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The salt of the earth

Deep below upstate New York's farm country, workers in ghostly tunnels are praying for snow.

Fiercer winters mean better business, longer hours and fatter paychecks at what's billed as the nation's most productive salt mine, which ships trainloads of snow-melting road salt to municipalities across the Northeast. And when the snow keeps falling and supplies run low, miners have to step up production to meet demand in real time.

"We live and die by the weather," said Joe Bucci Jr., environmental manager for American Rock Salt Co., which mines a sprawling seam of salt south of Rochester that was left from a sea that dried up 400 million years ago.

That deposit is accessible today by a cage elevator that descends more than 1,200 feet, about as deep as the Empire State Building is high. Miners drive through a vast grid of tunnels to blast out and haul crystals that glimmer in their headlamps.

No matter the season, the temperature in the mine remains 60 degrees. Salt lingers in the air, and miners swear it does wonders for their sinuses.

"I've always considered it coming down to a health spa every day," miner John Goho said with a smile.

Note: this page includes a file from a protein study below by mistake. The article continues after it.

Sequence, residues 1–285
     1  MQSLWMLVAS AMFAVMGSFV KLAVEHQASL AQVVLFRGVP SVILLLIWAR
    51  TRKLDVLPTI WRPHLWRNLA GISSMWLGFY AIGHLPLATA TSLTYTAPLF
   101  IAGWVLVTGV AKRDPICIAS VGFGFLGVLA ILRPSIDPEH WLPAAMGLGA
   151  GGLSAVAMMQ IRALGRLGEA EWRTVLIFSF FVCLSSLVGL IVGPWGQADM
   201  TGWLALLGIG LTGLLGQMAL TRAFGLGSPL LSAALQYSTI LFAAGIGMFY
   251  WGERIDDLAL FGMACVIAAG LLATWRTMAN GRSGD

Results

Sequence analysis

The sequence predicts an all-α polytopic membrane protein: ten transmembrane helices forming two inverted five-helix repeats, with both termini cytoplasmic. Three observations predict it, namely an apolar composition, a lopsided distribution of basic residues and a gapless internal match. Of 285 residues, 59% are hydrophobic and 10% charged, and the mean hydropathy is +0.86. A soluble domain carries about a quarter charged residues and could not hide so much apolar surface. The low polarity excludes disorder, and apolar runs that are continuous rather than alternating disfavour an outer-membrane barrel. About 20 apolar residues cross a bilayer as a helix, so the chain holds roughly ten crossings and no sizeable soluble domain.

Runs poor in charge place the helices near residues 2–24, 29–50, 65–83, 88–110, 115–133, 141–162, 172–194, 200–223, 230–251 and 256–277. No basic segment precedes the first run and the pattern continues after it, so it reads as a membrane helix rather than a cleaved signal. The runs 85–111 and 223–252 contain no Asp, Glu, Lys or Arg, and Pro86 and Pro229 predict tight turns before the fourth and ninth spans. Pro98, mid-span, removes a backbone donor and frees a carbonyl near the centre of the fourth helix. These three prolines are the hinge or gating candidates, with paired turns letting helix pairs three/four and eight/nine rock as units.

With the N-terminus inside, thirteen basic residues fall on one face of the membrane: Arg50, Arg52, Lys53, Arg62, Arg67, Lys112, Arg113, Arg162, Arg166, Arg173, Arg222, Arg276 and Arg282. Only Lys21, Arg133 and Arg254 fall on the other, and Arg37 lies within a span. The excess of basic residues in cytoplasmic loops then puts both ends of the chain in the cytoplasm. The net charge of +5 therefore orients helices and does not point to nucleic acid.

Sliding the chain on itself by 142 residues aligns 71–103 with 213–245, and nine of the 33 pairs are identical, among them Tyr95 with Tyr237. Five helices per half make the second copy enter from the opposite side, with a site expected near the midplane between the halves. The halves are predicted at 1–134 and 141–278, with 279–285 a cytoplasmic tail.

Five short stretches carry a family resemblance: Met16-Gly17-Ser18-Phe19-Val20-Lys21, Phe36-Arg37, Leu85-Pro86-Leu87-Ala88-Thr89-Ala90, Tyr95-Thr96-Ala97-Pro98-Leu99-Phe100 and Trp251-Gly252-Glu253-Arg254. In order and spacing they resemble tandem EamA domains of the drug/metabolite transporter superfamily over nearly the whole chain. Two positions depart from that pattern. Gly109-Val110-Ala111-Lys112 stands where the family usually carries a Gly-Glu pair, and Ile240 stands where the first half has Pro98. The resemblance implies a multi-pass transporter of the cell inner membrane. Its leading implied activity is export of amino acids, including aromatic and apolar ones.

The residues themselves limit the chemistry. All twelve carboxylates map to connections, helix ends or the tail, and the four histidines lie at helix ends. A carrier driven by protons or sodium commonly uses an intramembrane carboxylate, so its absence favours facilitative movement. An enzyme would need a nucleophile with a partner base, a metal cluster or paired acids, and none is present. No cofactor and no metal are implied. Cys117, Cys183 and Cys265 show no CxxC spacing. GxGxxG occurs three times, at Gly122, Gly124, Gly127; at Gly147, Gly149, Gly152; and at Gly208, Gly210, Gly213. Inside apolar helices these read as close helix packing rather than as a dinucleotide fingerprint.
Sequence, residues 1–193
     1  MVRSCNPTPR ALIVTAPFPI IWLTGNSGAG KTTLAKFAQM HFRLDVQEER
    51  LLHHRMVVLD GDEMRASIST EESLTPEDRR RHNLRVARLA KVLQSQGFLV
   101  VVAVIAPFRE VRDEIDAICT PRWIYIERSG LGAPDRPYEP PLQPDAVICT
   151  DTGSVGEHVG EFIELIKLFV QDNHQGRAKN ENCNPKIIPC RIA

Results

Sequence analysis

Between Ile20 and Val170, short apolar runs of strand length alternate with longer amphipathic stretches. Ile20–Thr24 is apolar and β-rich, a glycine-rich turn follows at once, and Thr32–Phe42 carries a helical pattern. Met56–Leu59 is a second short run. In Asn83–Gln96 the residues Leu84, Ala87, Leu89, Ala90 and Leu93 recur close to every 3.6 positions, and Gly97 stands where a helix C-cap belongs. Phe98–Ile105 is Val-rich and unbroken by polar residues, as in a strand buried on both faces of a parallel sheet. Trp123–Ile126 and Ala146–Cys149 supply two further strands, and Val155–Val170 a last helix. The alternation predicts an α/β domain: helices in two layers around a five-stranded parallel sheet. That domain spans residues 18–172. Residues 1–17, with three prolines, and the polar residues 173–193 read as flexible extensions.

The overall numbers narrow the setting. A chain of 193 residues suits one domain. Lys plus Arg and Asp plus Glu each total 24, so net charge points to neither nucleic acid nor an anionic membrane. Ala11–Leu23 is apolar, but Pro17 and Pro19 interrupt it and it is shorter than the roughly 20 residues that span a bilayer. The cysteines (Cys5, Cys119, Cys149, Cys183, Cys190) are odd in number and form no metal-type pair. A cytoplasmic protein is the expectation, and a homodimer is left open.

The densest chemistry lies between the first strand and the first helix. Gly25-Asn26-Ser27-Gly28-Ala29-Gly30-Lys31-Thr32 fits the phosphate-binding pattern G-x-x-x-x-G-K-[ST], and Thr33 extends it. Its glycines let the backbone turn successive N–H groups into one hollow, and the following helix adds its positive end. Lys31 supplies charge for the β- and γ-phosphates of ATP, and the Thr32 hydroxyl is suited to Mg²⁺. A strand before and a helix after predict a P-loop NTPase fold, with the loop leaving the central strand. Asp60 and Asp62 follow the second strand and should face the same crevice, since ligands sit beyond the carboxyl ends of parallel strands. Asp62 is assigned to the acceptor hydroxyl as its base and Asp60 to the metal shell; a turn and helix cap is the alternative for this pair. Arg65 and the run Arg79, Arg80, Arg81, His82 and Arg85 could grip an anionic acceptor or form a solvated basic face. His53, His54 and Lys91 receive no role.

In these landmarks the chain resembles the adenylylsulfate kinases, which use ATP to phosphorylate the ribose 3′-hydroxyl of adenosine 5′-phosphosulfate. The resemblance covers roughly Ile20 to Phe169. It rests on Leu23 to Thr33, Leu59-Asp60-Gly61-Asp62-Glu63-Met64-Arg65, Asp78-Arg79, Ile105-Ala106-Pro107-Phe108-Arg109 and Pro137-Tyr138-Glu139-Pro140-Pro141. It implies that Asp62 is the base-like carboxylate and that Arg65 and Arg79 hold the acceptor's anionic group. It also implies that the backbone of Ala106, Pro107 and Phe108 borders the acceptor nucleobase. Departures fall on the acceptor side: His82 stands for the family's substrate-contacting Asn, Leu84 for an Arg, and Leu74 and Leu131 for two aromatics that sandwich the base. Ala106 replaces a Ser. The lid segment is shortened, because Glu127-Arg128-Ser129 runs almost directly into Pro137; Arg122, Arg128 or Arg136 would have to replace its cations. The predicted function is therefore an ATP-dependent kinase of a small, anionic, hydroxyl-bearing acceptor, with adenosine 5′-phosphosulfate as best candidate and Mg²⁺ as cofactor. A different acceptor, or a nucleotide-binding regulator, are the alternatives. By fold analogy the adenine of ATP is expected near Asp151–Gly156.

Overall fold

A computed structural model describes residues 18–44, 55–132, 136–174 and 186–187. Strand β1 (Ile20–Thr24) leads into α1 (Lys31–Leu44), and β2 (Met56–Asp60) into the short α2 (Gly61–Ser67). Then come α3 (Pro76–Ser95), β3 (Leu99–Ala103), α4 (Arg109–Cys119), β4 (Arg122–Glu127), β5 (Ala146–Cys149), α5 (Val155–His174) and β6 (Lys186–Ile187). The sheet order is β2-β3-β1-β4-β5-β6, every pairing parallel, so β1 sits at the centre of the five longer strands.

But salt mining is a serious, sometimes dangerous business, practiced in this western New York countryside since the days of mules and pickaxes more than a century ago.

America produces up to 4.3 million tons of salt a year, though it hoisted less last year because of the mild winter. Despite a big storm in the Northeast last week, this year has so far been a mixed bag for snow. But there is still time left and much at stake for the mine's 350 workers, who can earn more than $80,000 with overtime in a busy winter.

They remove the deposits with a room-and-pillar approach: using explosive blasts to loosen the salt, while leaving pillars of salt in place to support the overhead layers. Loaders scoop up the blasted salt, some in chunks as big as file cabinets, into a rock-crushing maw and then onto miles of conveyor belts. Machines then crush it further into crystals that are too impure for use as food, but perfect for spreading on icy and snowy roads.

"Our salt, you wouldn't want to put it on your french fries," Bucci joked as he steered a utility vehicle along a long corridor.



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